Cheek Biting

July 04, 2015


Cheek Biting
Cheek biting marks
The most common symptom for cheek biting is linea alba which is a thin white line caused by the friction
Accidental cheek biting is likely to occur due to misaligned teeth, ill-fitting dentures or tobacco chewing. All of us bite the insides of the cheeks while eating at some time or the other. However, there is a difference in accidental biting of the cheek while eating and habitual biting. Chronic cheek biting is somewhat similar to biting fingernails and is often associated with awake bruxism and teeth clenching. It is often observed in people who suffer from obsessive-compulsive disorder. The lesions and symptoms produced in the oral cavity are commonly diagnosed by dentists. Cheek biters are also likely to chew the inner lips and the tongue. Medically known as morsicatio buccarum, it can be classified as a kind of frictional keratosis.
 

Symptoms

 
Cheek biting, in itself poses no risk and often goes unnoticed. It might be first noticed during a dental examinaton or may be reported by the biter himself when the affected area becomes painful. 
  1. The most common symptom is a ragged line of thickened mucus membranes, callus, black spots or ulcers along the inside of the cheek where the upper and the lower teeth touch each other. This is often accompanied by linea alba which is a thin line that stretches along the same place and is attributed to friction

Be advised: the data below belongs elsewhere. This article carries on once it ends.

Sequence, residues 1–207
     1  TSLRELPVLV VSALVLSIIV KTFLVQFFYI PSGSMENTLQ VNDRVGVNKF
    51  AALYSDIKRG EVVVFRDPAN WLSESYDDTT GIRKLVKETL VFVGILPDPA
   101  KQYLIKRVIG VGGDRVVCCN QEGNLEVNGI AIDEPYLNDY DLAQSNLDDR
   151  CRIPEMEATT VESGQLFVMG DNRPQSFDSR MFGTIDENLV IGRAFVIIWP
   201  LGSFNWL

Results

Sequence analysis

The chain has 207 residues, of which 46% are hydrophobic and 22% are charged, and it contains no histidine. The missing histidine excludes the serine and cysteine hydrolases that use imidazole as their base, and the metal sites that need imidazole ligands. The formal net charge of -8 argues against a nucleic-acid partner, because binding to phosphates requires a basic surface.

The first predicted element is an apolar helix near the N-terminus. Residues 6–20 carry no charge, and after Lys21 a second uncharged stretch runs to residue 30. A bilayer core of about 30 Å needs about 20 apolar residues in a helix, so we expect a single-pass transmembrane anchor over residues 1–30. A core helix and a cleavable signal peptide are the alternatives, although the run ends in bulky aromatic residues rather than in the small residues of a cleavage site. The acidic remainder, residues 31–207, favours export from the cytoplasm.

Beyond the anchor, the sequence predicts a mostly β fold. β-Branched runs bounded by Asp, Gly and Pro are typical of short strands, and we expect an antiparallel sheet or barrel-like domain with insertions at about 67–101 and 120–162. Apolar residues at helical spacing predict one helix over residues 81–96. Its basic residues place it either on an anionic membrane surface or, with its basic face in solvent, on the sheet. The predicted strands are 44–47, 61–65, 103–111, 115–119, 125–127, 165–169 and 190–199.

2. Additional symptoms include bleeding, swelling and tenderness in the case of compulsive cheek biting.
  3. These areas are prone to infection and often become painful as a result.
  4. In fact, chewers sometimes separate strands of mucosa with continued biting.
  5. Some people report a burning sensation at the affected place.
  6. Some people may exhibit lesions at the sides of the tongue too.

Treatment and Management

 
Mild cheek biting does not need treatment and generally fades away with time and age. But for chronic biters who cause extensive self-injury, treatment focuses at both, breaking the habit as well as protecting the mouth from further injuries.
  1. Dental appliances like mouth guards or occlusal splints are recommended to protect the cheek from injury and to serve as a habit breaking appliance. 
  2. In severe cases, where persistent habit hampers the healing of the lesions, the dentist may opt to grind the sharp edges to prevent wounds.
  3. However, counselling and reconditioning are also an option, though it has limited benefit.
  4. Since, it is often attributed to stress, using relaxing techniques can help to control it.

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